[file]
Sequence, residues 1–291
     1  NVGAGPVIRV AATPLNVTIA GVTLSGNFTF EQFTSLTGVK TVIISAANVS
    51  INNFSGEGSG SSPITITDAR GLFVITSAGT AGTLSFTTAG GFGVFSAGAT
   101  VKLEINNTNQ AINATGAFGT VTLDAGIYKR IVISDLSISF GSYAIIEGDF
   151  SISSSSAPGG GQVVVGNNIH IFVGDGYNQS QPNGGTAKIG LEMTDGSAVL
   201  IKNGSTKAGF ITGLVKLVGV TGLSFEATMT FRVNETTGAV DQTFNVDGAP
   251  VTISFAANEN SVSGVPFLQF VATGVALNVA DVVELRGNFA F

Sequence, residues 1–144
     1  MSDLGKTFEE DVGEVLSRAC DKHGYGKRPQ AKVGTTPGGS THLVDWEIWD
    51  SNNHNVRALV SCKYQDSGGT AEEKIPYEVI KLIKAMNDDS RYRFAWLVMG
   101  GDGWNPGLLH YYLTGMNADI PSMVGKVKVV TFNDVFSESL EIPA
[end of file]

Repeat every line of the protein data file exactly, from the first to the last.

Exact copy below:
Sequence, residues 1–291
     1  NVGAGPVIRV AATPLNVTIA GVTLSGNFTF EQFTSLTGVK TVIISAANVS
    51  INNFSGEGSG SSPITITDAR GLFVITSAGT AGTLSFTTAG GFGVFSAGAT
   101  VKLEINNTNQ AINATGAFGT VTLDAGIYKR IVISDLSISF GSYAIIEGDF
   151  SISSSSAPGG GQVVVGNNIH IFVGDGYNQS QPNGGTAKIG LEMTDGSAVL
   201  IKNGSTKAGF ITGLVKLVGV TGLSFEATMT FRVNETTGAV DQTFNVDGAP
   251  VTISFAANEN SVSGVPFLQF VATGVALNVA DVVELRGNFA F

Sequence, residues 1–144
     1  MSDLGKTFEE DVGEVLSRAC DKHGYGKRPQ AKVGTTPGGS THLVDWEIWD
    51  SNNHNVRALV SCKYQDSGGT AEEKIPYEVI KLIKAMNDDS RYRFAWLVMG
   101  GDGWNPGLLH YYLTGMNADI PSMVGKVKVV TFNDVFSESL EIPA